Hamas, Fatah seek common ground

Fatah has agreed at initial talks with Hamas to try to find common ground for a governing partnership between the long-dominant Palestinian faction and the group that crushed it at the polls.

    Fatah's al-Ahmad (L) met Hamas's Mahmoud al-Zahar (R)

    The head of Fatah's parliamentary faction, Azzam al-Ahmad, said on Wednesday that "there is an agreement in principle and the intention is there but we must await the programme".

    Al-Ahmad was speaking on Wednesday after a meeting between senior Hamas and Fatah figures in Gaza City.

    "We are in a dialogue that has only just begun and we want to find common ground and we hope that we will seal an agreement," he said.
    Hamas swept to victory in the 25 January election on a platform of rooting out corruption in a Palestinian Authority dominated by the mainstream faction.

    Outlining what appeared to be a major sticking point, al-Ahmad told Reuters that Fatah would insist a Hamas-led administration adopt President Mahmoud Abbas's vision of negotiating peace with Israel.
    Hamas's Mahmoud al-Zahar, who hosted the session with Fatah, said the two groups would meet again so that a coalition could be formed as soon as possible.
    Hamas, sworn to Israel's destruction, has said talks with Israel would be a waste of time.

    Israel unmoved

    Israel has said it could not consider dealing with Hamas until the group recognised it, renounced violence and accepted past interim peace accords.

    Olmert insists Israel will not
    negotiate with a Hamas authority

    An official quoted Ehud Olmert, the Israeli interim prime minister, as telling a parliamentary committee: "We do not conduct negotiations with a Hamas authority. We will reduce contacts with the authority to those which have a security dimension in order to prevent terrorism."

    With George Bush, the US president, and some Western nations threatening to halt aid to a Hamas-controlled government, Iran pledged financial assistance to the cash-strapped authority.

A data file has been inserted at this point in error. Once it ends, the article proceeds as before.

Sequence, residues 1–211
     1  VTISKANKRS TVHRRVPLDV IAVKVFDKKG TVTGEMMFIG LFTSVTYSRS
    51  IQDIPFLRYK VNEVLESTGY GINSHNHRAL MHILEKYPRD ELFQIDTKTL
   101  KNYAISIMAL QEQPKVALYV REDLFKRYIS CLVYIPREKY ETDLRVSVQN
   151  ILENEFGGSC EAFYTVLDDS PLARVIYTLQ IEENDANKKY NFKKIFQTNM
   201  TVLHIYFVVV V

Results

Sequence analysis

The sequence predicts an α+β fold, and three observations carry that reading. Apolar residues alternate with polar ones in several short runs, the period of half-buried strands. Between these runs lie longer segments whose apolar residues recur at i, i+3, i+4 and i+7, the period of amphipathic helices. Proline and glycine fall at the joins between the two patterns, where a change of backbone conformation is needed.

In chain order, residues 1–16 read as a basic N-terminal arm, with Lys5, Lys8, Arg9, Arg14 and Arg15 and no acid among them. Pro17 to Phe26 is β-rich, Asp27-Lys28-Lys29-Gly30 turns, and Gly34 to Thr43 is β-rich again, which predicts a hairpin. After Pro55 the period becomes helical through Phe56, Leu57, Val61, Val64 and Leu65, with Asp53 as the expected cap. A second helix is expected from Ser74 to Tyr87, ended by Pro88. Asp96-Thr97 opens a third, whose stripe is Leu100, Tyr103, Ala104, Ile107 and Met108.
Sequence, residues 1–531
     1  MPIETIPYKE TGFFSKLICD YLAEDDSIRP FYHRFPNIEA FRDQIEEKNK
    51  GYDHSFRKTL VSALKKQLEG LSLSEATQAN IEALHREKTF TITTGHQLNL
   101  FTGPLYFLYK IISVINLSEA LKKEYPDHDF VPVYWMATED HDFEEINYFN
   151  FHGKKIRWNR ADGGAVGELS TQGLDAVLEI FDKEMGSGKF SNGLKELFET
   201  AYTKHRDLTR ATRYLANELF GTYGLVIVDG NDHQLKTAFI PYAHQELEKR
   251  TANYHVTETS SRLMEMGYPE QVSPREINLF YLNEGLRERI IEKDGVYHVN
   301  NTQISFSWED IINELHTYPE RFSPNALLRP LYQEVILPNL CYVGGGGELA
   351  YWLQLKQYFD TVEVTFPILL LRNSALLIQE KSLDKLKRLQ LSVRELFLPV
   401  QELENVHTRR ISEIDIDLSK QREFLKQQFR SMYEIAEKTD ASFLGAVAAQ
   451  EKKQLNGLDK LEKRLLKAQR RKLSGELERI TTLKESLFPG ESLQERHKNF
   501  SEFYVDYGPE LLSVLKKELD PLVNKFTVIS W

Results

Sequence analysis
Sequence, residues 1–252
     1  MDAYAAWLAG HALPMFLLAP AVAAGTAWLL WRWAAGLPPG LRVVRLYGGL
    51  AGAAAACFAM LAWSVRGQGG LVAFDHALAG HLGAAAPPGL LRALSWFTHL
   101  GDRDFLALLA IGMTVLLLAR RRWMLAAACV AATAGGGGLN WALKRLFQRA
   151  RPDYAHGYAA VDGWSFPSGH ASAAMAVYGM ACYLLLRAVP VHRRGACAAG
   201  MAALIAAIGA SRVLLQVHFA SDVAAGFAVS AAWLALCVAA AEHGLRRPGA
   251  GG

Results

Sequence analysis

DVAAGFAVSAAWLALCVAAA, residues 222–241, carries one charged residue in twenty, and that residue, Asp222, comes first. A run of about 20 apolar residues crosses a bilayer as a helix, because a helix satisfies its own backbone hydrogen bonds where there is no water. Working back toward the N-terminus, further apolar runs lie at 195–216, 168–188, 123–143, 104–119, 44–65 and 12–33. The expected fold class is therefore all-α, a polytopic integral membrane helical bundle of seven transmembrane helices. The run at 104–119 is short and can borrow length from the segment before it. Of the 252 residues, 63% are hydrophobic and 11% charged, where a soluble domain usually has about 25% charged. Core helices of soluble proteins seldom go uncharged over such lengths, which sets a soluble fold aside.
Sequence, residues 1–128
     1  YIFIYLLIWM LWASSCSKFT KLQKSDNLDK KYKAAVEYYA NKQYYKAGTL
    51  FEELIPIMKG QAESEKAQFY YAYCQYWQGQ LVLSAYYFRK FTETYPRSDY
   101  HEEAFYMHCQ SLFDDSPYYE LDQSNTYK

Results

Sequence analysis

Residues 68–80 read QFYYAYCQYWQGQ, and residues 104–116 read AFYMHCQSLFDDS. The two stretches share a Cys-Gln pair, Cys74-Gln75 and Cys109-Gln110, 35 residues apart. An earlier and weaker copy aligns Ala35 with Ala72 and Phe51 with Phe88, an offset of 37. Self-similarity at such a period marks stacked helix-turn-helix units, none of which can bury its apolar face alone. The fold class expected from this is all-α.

Israel, which says Hamas and Iran are wedded to terrorism, has already stopped transferring tax revenue to the Palestinians.

    Iran backing

    Ali Larijani, secretary of Iran's Supreme National Security Council, was quoted by the semi-official ISNA students news agency as saying: "We will definitely provide financial aid to this government so they can stand up against the oppression of America."

    He was speaking after meeting Khalid Mishaal, a Hamas leader who was visiting Tehran during a regional tour in search of funds.

    US diplomats said Washington doubted Iran had the financial resources and know-how to support the Palestinians, who receive more than $1 billion in aid a year from donors.

    Alvaro de Soto, the UN's envoy to the Middle East, held talks with Abbas in Gaza and said: "We very much hope and we appeal to all who can to assist the Palestinian Authority so that it does not face a fiscal crisis in the coming period."

    US and Israeli officials are concerned Tehran will hold sway over a Hamas-led government, making prospects for reviving Middle East peace negotiations even more remote.

    Cabinet formation 

    Larijani (R) who met Mishaal (L) 
    pledged Iran's aid to Hamas  

    The Hamas-Fatah talks were held a day after Abbas asked Ismail Haniya, the Hamas prime minister-designate, to form a government.

    Haniya, a 43-year-old Gazan viewed by many Palestinians as a pragmatist who has forged good relations with rival factions, has up to five weeks to put together an administration.

    Hamas has said it expects to do so within two weeks.

    Hamas has carried out nearly 60 bombings in Israel since a Palestinian uprising began in 2000 but has largely abided by a ceasefire forged a year ago.

    Olmert, who surveys predict will win national elections on 28 March, has threatened to take unilateral steps to set borders for Israel if peacemaking remains frozen.

    Last year's pullout from the Gaza Strip was popular with most Israelis.

    SOURCE: Agencies


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